There is growing concern about the potential for cyber criminals to launch distributed denial of service attacks (DDoS) on critical infrastructure, such as water or electric utility systems, which are now largely connected to, if not reliant upon, the Internet. This includes telephone systems, which are also completely dependent on the Internet and therefore equally vulnerable.
Last week researchers from Ben Gurion University in Israel say that they have found a way to disable the emergency system across an entire state for an extended period using a telephony denial-of-service (TDoS) attack targeting 911 call centers. The alarming conclusion is that attackers could take over thousands of smartphones to form a zombie army of botnets that would automatically dial repeated calls to a 911 system. The phone owner would be completely unaware that his or her phone had been “taken over” to as part of a botnet army, and participating in the attack. According to a Computerworld article, the researchers found that
“…it would take less than 6,000 “bots (or $100K hardware)” for attackers to “block emergency services in an entire state (e.g., North Carolina) for days… 50,000 infected smartphones could prevent 90% of all North Carolina wireless 911 callers from reaching an emergency call taker. If 200,000 smartphones were infected by attackers, then the resulting TDoS attack could ‘jeopardize’ 911 services across America.”
Impacts of 911 Latency or Outages
United States got a taste of what the impact of a 911 system outage would look like 15 years ago, on September 11, 2001. During and after the terror attacks, the 911 phone system became overwhelmed because it was not designed to handle that volume of calls. Similarly, even standard telephone networks experienced latency and outages during this critical time for communication; people up and down the East Coast had trouble making phone calls to anyone at all in the immediate aftermath of the attacks.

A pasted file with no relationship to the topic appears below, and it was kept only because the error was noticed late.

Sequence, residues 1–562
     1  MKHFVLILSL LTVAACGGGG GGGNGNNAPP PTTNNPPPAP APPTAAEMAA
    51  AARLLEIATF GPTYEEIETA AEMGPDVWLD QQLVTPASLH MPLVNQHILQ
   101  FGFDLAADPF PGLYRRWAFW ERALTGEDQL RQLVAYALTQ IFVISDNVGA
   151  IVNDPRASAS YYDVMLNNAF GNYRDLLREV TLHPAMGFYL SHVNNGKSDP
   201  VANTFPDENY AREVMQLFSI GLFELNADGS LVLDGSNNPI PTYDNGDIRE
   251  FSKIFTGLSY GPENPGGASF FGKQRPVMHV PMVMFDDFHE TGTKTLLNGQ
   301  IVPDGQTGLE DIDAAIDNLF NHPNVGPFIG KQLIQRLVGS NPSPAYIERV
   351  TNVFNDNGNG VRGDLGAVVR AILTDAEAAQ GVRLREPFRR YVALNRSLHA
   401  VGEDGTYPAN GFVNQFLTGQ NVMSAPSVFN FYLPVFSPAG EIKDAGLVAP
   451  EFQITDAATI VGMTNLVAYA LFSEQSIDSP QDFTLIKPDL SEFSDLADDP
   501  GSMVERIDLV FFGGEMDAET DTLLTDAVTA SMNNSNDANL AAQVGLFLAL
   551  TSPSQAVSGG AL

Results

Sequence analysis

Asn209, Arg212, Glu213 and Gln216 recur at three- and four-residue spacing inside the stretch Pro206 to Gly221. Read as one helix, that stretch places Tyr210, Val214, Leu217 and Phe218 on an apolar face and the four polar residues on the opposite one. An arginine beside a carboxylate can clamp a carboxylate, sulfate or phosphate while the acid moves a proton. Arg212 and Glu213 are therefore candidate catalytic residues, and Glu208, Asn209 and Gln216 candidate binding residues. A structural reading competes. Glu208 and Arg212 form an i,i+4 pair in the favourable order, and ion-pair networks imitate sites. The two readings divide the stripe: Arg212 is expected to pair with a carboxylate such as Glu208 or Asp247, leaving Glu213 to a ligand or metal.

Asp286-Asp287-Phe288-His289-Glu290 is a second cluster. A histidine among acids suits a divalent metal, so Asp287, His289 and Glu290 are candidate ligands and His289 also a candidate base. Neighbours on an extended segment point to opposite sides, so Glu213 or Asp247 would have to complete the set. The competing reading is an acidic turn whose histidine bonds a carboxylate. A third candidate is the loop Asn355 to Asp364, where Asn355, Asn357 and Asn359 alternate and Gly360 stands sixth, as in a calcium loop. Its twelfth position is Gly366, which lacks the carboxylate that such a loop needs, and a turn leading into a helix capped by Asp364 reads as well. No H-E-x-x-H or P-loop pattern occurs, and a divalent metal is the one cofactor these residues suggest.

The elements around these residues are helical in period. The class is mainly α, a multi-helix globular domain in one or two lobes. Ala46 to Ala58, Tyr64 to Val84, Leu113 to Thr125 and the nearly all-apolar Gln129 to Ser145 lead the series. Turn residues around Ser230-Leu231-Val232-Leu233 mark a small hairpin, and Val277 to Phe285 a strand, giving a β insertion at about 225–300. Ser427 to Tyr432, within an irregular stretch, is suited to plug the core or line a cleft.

According to report on securityinsights.org;
“9-1-1 networks carry only voice and very limited data, so PSAPs [Public Safety Answering Points] have focused largely on preventing Telephony Denial-of-Service attacks. Advancements in Next Generation IP-based systems and emerging mobile technologies increase the threat of infiltration and exploitation of emergency communications systems. Next Generation 9-1-1 (NG911) systems will be a “network of networks” providing connectivity between PSAPs regionally and nationally. As these systems become connected to the Internet, public safety communications will be increasingly vulnerable to the same threats as other IP networks.”
How to Protect a 911 System
The future generation of the 911 emergency response system will become a fully digital, IP-based, network capable of multi-media distribution, creating an even greater and more susceptible attack landscape. In turn, PSAPs must re-think their approach to real-time and automated attack mitigation. They must address not only on the large, Internet link saturating attacks, but also the small, low-volume attacks targeting the network.
Investing in automated, inline DDoS protection hardware is the most effective way to defeat DDoS before it impacts network availability. Real-time detection and mitigation removes both volumetric attacks and the low and slow application layer attack attempts.
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